Whom have I hurt?  How will I apologize and more than apologize, how will I hold myself back from hurting them again?  How have I wronged myself?  How can I live more by my values?  What are my values?  It seems basic, but we can get so caught up in what is happening around us, that we sometimes forget who we are and we end up sacrificing our principles for appearances’ sake.

Tzedakah:  what role do I want it to play in my life?  Do I give enough to charity?  Could I give more?  And, tzedakah means more than charity – it means righteousness.  How will I bring righteousness into the world?  How can my contributions bring justice to my community?  To those around me?

Tefillah – what role do I want prayer to play for me?  I mentioned on Rosh Hashanah that it is ironic that we spend so much time in public on these High Holy Days doing something so incredibly private, and that’s why I said that prayers are not necessarily the same as prayer.  How do we open up our innermost selves when there are hundreds of people sitting in the same room?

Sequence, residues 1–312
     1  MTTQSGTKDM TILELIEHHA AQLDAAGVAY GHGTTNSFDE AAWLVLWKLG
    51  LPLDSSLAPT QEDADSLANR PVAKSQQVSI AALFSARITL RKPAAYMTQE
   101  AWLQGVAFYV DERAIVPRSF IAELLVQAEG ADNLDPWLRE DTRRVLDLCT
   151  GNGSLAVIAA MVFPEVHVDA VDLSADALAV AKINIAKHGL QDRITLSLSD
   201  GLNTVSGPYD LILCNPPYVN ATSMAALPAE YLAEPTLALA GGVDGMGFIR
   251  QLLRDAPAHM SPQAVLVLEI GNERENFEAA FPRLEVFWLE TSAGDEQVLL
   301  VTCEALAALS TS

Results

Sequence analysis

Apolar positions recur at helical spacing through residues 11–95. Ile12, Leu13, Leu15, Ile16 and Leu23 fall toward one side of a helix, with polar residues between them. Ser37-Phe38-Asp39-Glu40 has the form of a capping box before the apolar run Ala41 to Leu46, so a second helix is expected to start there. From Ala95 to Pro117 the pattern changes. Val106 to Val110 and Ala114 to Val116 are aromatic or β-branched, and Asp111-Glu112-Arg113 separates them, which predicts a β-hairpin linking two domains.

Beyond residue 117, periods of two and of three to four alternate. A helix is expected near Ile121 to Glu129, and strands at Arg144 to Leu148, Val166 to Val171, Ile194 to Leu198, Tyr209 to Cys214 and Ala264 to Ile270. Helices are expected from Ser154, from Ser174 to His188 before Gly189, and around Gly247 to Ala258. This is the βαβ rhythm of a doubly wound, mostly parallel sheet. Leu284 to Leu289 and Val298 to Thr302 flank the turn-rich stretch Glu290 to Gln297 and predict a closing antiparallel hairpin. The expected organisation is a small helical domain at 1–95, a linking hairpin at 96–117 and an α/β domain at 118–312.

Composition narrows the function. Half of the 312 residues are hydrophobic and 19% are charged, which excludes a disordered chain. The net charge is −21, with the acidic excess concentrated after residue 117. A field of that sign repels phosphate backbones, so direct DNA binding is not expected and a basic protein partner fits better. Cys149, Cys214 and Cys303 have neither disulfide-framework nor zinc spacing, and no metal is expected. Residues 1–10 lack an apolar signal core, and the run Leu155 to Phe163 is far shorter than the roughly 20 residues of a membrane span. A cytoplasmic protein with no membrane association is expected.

At some point, most of us lose sight of who we are, we forget what is truly important, and it is difficult to come to the synagogue and to be asked to get to know ourselves all over again.  What are our secrets?  What are our demons?  What are we most afraid to admit to ourselves?  Are we willing to lay our souls bare even to ourselves?  And this is exactly when prayer, real prayer begins.  This is the moment we begin to address our spiritual hunger.